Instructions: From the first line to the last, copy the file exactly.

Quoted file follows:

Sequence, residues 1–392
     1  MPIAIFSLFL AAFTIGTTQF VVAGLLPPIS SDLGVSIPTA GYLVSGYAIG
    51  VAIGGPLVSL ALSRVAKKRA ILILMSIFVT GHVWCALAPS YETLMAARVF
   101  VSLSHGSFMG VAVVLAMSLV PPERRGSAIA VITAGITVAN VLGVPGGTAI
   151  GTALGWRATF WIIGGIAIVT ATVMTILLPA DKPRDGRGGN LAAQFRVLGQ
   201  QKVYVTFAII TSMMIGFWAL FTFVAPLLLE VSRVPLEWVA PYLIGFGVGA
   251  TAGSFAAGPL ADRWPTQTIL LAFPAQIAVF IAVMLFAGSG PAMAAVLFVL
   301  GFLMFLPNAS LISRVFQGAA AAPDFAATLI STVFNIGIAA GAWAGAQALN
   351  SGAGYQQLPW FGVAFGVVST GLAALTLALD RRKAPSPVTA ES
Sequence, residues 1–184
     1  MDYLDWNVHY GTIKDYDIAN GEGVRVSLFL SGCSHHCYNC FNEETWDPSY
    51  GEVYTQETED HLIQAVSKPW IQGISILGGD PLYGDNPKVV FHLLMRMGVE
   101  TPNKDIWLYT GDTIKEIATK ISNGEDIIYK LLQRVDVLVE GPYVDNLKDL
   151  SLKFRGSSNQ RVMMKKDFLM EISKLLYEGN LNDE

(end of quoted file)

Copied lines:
Sequence, residues 1–392
     1  MPIAIFSLFL AAFTIGTTQF VVAGLLPPIS SDLGVSIPTA GYLVSGYAIG
    51  VAIGGPLVSL ALSRVAKKRA ILILMSIFVT GHVWCALAPS YETLMAARVF
   101  VSLSHGSFMG VAVVLAMSLV PPERRGSAIA VITAGITVAN VLGVPGGTAI
   151  GTALGWRATF WIIGGIAIVT ATVMTILLPA DKPRDGRGGN LAAQFRVLGQ
   201  QKVYVTFAII TSMMIGFWAL FTFVAPLLLE VSRVPLEWVA PYLIGFGVGA
   251  TAGSFAAGPL ADRWPTQTIL LAFPAQIAVF IAVMLFAGSG PAMAAVLFVL
   301  GFLMFLPNAS LISRVFQGAA AAPDFAATLI STVFNIGIAA GAWAGAQALN
   351  SGAGYQQLPW FGVAFGVVST GLAALTLALD RRKAPSPVTA ES
Sequence, residues 1–184
     1  MDYLDWNVHY GTIKDYDIAN GEGVRVSLFL SGCSHHCYNC FNEETWDPSY
    51  GEVYTQETED HLIQAVSKPW IQGISILGGD PLYGDNPKVV FHLLMRMGVE
   101  TPNKDIWLYT GDTIKEIATK ISNGEDIIYK LLQRVDVLVE GPYVDNLKDL
   151  SLKFRGSSNQ RVMMKKDFLM EISKLLYEGN LNDE